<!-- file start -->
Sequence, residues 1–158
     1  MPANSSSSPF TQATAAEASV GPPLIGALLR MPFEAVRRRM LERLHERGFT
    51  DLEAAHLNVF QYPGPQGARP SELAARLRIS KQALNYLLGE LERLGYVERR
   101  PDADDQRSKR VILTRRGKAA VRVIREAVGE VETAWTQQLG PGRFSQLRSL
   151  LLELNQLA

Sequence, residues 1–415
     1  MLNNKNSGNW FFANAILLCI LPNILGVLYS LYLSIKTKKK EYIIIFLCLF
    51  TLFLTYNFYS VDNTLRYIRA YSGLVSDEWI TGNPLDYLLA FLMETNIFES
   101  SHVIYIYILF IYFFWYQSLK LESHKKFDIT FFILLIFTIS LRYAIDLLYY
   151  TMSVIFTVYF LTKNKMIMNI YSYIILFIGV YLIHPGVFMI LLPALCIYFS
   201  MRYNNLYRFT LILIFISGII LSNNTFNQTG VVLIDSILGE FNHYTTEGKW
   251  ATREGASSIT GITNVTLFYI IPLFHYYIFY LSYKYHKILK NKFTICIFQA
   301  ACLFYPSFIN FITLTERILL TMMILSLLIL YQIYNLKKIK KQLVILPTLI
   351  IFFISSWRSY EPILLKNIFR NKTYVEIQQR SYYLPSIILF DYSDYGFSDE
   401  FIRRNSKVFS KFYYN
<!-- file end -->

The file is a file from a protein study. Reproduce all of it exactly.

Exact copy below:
Sequence, residues 1–158
     1  MPANSSSSPF TQATAAEASV GPPLIGALLR MPFEAVRRRM LERLHERGFT
    51  DLEAAHLNVF QYPGPQGARP SELAARLRIS KQALNYLLGE LERLGYVERR
   101  PDADDQRSKR VILTRRGKAA VRVIREAVGE VETAWTQQLG PGRFSQLRSL
   151  LLELNQLA

Sequence, residues 1–415
     1  MLNNKNSGNW FFANAILLCI LPNILGVLYS LYLSIKTKKK EYIIIFLCLF
    51  TLFLTYNFYS VDNTLRYIRA YSGLVSDEWI TGNPLDYLLA FLMETNIFES
   101  SHVIYIYILF IYFFWYQSLK LESHKKFDIT FFILLIFTIS LRYAIDLLYY
   151  TMSVIFTVYF LTKNKMIMNI YSYIILFIGV YLIHPGVFMI LLPALCIYFS
   201  MRYNNLYRFT LILIFISGII LSNNTFNQTG VVLIDSILGE FNHYTTEGKW
   251  ATREGASSIT GITNVTLFYI IPLFHYYIFY LSYKYHKILK NKFTICIFQA
   301  ACLFYPSFIN FITLTERILL TMMILSLLIL YQIYNLKKIK KQLVILPTLI
   351  IFFISSWRSY EPILLKNIFR NKTYVEIQQR SYYLPSIILF DYSDYGFSDE
   401  FIRRNSKVFS KFYYN